A couple of years ago I acquired a number of Kodak promotional brochures and booklets from around 1940. One of them is entitled Cine-Kodaks & Kodascopes. The format is unusual as the front cover opens to what is effectively a double page spread. Each succeeding page also being a spread.
The main subject of the publication is Kodachrome 16mm film and equipment, with a lesser emphasis on 8mm. It is a fascinating document as is shows how all embracing the Kodak line-up was seventy years ago. Five 16mm and three 8mm cameras were listed, along with 12 lenses, Kodascope projectors, screens, lamps, and what have you.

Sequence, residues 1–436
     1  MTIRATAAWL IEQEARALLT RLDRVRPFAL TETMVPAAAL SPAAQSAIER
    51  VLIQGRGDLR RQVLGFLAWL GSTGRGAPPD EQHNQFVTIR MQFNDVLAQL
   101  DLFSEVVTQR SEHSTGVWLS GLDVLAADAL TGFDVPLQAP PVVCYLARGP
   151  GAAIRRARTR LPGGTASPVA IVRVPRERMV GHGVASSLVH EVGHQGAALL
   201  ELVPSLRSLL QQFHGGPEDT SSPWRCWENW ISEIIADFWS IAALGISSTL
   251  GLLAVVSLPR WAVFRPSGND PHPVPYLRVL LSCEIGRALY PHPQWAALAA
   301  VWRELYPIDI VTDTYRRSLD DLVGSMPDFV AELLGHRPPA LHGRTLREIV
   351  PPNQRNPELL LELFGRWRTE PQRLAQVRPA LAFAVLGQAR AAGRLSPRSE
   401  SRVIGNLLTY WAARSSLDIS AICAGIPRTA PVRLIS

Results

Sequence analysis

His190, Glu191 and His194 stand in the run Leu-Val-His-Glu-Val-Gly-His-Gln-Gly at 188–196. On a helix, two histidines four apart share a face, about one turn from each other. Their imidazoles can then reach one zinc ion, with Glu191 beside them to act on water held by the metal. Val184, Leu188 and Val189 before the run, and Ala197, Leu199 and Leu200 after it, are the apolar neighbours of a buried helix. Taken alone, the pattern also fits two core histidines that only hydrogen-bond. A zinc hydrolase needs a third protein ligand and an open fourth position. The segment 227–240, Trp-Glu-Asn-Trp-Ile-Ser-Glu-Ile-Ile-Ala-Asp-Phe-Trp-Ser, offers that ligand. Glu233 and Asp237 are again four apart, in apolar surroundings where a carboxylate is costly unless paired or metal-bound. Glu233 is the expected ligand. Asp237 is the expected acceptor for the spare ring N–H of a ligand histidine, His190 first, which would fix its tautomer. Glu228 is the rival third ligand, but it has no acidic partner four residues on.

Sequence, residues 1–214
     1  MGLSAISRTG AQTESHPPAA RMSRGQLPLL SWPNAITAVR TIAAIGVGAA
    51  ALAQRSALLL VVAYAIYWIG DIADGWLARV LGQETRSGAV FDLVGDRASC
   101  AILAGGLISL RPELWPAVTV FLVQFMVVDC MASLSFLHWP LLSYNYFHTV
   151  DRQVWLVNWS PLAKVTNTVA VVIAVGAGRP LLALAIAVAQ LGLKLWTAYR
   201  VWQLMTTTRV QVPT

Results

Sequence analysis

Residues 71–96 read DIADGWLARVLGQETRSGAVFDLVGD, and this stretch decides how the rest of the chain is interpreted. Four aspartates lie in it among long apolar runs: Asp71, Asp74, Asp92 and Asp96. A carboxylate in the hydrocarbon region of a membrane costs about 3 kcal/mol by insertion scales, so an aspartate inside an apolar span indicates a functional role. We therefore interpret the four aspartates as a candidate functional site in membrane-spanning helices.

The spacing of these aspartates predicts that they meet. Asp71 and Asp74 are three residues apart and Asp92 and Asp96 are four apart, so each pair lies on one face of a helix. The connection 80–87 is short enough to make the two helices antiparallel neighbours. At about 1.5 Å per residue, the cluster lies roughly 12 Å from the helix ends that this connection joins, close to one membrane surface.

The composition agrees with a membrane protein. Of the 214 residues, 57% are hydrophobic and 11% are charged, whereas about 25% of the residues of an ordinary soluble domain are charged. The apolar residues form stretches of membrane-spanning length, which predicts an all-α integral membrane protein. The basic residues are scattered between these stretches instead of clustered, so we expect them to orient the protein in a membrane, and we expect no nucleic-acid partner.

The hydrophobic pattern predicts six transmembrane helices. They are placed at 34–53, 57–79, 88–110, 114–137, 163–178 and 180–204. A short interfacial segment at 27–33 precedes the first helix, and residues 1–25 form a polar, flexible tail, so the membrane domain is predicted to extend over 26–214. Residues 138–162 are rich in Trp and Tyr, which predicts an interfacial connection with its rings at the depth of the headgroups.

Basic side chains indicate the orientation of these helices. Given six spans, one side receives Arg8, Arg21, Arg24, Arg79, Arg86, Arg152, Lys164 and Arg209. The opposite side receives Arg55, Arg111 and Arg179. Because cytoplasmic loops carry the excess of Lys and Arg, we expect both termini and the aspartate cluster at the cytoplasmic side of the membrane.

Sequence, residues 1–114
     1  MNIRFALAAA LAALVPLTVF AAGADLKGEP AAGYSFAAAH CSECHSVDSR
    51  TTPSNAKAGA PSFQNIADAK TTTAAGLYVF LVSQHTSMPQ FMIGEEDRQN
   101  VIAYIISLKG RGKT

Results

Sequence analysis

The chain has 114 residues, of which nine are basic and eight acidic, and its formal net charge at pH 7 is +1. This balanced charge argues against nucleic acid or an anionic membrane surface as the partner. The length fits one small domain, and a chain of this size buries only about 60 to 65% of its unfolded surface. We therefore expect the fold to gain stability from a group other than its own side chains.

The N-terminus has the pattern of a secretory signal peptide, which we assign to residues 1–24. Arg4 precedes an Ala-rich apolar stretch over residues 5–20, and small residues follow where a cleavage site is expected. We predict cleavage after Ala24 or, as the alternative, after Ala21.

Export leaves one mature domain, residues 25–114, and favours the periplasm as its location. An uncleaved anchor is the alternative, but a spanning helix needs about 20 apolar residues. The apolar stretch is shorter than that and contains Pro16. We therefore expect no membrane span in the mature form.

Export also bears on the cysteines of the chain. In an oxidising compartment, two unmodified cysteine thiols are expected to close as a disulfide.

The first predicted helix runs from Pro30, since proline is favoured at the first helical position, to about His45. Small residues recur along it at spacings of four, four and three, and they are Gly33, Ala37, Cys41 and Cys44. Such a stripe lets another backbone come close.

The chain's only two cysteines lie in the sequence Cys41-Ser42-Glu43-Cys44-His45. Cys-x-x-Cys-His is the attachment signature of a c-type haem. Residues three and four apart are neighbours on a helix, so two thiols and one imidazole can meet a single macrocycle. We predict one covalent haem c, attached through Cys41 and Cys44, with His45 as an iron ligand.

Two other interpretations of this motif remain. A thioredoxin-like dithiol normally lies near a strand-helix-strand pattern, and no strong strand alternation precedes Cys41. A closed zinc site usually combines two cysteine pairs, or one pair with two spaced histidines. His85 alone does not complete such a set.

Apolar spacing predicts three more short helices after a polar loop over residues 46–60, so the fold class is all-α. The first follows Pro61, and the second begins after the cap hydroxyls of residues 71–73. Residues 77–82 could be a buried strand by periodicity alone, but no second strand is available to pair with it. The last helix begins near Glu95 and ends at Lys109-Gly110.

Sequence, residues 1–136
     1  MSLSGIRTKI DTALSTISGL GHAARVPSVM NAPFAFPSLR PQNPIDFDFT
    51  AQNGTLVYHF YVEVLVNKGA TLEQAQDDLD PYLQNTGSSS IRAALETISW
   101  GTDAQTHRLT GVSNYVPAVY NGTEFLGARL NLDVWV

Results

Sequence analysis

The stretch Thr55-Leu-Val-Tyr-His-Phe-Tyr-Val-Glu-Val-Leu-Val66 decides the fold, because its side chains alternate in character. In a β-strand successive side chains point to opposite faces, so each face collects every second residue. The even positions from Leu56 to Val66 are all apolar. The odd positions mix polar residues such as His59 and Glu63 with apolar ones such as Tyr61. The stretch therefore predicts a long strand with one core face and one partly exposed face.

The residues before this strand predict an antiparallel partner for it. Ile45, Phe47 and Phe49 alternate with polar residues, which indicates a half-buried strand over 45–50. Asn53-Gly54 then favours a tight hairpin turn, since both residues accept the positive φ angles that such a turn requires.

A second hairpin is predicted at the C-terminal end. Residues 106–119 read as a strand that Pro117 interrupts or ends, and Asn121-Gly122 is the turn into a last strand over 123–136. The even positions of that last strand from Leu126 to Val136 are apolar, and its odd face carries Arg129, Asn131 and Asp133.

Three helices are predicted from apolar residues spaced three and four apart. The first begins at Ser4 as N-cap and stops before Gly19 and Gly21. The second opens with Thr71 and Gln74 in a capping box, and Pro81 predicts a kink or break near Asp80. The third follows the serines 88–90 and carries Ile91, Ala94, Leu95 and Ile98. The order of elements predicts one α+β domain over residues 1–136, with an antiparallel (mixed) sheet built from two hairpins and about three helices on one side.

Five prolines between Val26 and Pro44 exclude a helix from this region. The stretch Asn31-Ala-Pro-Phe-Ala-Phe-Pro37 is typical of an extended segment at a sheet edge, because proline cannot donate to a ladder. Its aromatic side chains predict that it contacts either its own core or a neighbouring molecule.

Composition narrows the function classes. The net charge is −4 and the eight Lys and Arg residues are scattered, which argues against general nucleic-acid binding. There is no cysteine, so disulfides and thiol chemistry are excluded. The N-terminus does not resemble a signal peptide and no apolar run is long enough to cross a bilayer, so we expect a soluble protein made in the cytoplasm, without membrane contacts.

All of this was interesting but what I found truly curious, and I only noticed this last night, is that the brochure contained only one color photograph and that is a separately printed image that has been glued into the brochure. It is a 133 line screened four color letterpress print, presumably to demonstate the quality of Kodachrome 16mm film. Although it does not look like a movie frame.
Tipping photographs into books is a fairly common practice but the print run aren’t all that great. And there is no easy way to do it, except by hand. Kodak brochures must have had many thousands of copies printed.
How was the image inserted? Why? Color printing was available and I can’t believe this method could cost less than straight four color print job. The quality of the color printing is Okay, but not outstanding. Was it a ploy to soak up unemployment? Did Kodak invent some sort of special machine to do the job?
I can’t second guess Kodak’s print production people of 1940 but it seems a very curious decision.